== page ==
The world's oldest seed plants are highly desirable to collectors, making them - and the Kirstenbosch gardens - prime targets for cycad poachers.
They are 340-million years old, outlived the dinosaurs and survived mass extinction in three global catastrophes. But cycads, the world’s oldest seed plants, are under threat from obsessive collectors.
In two separate incidents in August, thieves stole 24 cycads worth an estimated R700 000 from the Kirstenbosch National Botanical Garden in Cape Town. Twenty-two were on the critically endangered list.
Experts say the thefts point to a lucrative international trade run by criminal syndicates that link poachers, often poor and desperate, to wealthy private collectors who prize cycads in the same way as a rare stamp or first edition of a book.
Little is known about the extent of cycad trafficking or exactly who is fuelling it. Poachers know they are unlikely to be caught. There are fears that, if current trends continue, these ancient, scientifically important plants could become extinct.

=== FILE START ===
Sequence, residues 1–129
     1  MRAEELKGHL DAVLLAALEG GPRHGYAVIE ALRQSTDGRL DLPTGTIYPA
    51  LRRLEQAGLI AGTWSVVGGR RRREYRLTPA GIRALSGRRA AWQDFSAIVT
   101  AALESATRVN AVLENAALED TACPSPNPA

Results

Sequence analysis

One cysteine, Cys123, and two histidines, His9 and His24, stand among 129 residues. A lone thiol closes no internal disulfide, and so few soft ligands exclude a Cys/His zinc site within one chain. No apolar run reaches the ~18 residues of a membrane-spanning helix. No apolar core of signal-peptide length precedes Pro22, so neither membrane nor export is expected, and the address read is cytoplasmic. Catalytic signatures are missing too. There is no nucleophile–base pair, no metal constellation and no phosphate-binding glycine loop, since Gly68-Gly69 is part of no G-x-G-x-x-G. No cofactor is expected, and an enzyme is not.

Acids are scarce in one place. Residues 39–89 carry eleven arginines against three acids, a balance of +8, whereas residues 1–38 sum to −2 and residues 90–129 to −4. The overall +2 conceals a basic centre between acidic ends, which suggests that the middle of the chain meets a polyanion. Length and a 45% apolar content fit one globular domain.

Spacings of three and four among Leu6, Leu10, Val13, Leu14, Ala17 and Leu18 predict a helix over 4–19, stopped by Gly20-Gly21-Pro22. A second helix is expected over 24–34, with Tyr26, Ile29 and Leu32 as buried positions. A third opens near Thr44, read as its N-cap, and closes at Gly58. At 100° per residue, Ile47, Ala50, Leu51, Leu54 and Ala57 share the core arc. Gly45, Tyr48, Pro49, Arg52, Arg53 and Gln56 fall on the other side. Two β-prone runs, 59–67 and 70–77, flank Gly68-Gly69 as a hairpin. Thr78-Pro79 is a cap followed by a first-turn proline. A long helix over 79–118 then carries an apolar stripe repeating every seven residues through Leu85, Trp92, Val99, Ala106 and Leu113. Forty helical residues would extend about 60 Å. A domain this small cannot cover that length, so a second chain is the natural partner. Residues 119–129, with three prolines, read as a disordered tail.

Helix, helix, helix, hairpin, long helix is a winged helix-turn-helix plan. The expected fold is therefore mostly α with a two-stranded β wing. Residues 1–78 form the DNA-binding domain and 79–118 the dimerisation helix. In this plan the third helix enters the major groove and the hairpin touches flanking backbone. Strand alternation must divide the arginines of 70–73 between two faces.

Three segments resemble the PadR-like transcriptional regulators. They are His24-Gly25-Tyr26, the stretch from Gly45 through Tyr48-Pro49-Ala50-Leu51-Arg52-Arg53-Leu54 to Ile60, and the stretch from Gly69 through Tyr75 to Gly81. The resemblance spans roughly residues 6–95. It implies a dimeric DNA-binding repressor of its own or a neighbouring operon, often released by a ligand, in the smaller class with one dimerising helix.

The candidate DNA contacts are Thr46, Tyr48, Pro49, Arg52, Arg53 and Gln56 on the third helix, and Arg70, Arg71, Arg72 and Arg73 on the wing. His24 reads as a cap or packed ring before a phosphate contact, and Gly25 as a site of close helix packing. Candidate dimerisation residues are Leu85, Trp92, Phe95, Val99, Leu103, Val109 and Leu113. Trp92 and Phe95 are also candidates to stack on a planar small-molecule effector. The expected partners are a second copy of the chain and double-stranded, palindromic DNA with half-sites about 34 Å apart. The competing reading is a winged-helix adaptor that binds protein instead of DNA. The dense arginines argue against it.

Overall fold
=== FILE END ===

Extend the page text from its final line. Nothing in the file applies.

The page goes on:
Cycads do not produce flowers or fruit but rely on huge seed cones and beetles for pollination. Only 347 species are left today, 38 in South Africa. Some species have disappeared from their natural habitats and are protected in gardens such as Kirstenbosch.
Reward for information
In last month’s raids, 24 plants were removed during the night. The Cycad Society of South Africa is offering a R10 000 reward for information leading to the arrest of anyone involved in the crime.
The stolen plants included 22 critically endangered Albany cycads, of which only about 80 are thought to be still growing in the wild. Albany is seen as Kirstenbosch’s flagship species, having been introduced in 1913 by the garden’s first director, Professor Harold Pearson.
The loss was also a blow because Phakamani Xaba, a senior horticulturist at Kirstenbosch, had been studying the plants for a research project in collaboration with Kew Gardens in London.
Cycads grow slowly; a long stem can take the best part of a millennium to grow. They are hardy and can be left out of the ground for months. This also makes them an easy target.
“They get poached so much because they are easy to transport. The thieves would remove all the leaves then dig them out,” Xaba said.
Poachers have been active across South Africa for years, possibly supplying collectors within the country, although Xaba is aware of collections in Asia, Australia, Europe and South America.
A cycad is a hugely desirable collector’s item. When Kirstenbosch sold a sucker from its prize specimen of Encephalartos woodii at auction last year, it fetched R89 000. – © Guardian News & Media 2014